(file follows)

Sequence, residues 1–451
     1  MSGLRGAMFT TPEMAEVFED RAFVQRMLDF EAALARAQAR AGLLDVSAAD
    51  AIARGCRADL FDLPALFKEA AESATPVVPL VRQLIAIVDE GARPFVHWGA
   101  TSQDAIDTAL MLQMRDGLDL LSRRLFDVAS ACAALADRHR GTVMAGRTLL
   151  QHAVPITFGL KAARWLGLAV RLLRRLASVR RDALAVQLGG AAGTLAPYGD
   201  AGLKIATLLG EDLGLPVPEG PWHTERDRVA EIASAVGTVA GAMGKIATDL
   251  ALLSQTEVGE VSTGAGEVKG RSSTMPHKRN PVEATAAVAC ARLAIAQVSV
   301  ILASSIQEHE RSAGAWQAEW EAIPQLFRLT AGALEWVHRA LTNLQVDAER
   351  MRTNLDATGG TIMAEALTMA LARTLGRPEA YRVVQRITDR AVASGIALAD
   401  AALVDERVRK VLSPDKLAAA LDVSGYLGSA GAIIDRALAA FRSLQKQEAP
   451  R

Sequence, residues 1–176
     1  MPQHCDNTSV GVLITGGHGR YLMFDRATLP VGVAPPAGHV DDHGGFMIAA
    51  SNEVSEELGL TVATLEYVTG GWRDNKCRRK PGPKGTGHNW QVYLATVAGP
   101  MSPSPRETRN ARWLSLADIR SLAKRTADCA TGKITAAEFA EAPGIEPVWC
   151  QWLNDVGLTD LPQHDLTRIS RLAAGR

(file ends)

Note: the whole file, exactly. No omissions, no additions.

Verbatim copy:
Sequence, residues 1–451
     1  MSGLRGAMFT TPEMAEVFED RAFVQRMLDF EAALARAQAR AGLLDVSAAD
    51  AIARGCRADL FDLPALFKEA AESATPVVPL VRQLIAIVDE GARPFVHWGA
   101  TSQDAIDTAL MLQMRDGLDL LSRRLFDVAS ACAALADRHR GTVMAGRTLL
   151  QHAVPITFGL KAARWLGLAV RLLRRLASVR RDALAVQLGG AAGTLAPYGD
   201  AGLKIATLLG EDLGLPVPEG PWHTERDRVA EIASAVGTVA GAMGKIATDL
   251  ALLSQTEVGE VSTGAGEVKG RSSTMPHKRN PVEATAAVAC ARLAIAQVSV
   301  ILASSIQEHE RSAGAWQAEW EAIPQLFRLT AGALEWVHRA LTNLQVDAER
   351  MRTNLDATGG TIMAEALTMA LARTLGRPEA YRVVQRITDR AVASGIALAD
   401  AALVDERVRK VLSPDKLAAA LDVSGYLGSA GAIIDRALAA FRSLQKQEAP
   451  R

Sequence, residues 1–176
     1  MPQHCDNTSV GVLITGGHGR YLMFDRATLP VGVAPPAGHV DDHGGFMIAA
    51  SNEVSEELGL TVATLEYVTG GWRDNKCRRK PGPKGTGHNW QVYLATVAGP
   101  MSPSPRETRN ARWLSLADIR SLAKRTADCA TGKITAAEFA EAPGIEPVWC
   151  QWLNDVGLTD LPQHDLTRIS RLAAGR